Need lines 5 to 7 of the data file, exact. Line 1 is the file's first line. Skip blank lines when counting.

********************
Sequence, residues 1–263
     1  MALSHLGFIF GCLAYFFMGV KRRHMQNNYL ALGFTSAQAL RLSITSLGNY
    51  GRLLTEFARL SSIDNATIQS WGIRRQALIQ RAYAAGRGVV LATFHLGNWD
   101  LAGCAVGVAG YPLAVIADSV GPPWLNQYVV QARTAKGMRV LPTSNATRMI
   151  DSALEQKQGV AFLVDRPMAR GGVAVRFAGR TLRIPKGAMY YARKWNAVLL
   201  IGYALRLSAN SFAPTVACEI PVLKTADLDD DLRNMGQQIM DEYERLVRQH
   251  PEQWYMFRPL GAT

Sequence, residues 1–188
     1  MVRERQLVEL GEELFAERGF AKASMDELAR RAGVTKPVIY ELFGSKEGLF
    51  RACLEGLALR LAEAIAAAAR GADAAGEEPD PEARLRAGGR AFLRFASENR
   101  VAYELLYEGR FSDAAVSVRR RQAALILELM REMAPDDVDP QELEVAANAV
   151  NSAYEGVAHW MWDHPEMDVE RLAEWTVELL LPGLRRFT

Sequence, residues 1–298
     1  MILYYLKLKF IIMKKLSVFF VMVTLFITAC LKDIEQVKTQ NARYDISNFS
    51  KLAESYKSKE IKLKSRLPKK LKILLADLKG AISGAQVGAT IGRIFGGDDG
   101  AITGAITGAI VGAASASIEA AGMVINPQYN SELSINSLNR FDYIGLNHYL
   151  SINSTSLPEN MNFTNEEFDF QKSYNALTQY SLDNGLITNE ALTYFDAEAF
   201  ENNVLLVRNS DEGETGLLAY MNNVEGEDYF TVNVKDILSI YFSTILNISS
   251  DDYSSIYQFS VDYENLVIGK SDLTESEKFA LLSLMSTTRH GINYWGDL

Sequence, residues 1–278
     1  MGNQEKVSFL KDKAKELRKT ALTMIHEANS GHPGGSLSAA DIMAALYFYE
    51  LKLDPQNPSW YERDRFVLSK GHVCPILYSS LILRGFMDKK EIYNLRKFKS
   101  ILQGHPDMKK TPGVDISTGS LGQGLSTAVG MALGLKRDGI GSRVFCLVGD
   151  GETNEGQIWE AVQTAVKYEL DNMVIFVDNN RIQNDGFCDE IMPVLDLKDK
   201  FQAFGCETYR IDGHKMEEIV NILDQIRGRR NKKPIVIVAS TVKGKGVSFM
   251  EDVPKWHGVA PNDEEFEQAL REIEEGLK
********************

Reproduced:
   151  DSALEQKQGV AFLVDRPMAR GGVAVRFAGR TLRIPKGAMY YARKWNAVLL
   201  IGYALRLSAN SFAPTVACEI PVLKTADLDD DLRNMGQQIM DEYERLVRQH
   251  PEQWYMFRPL GAT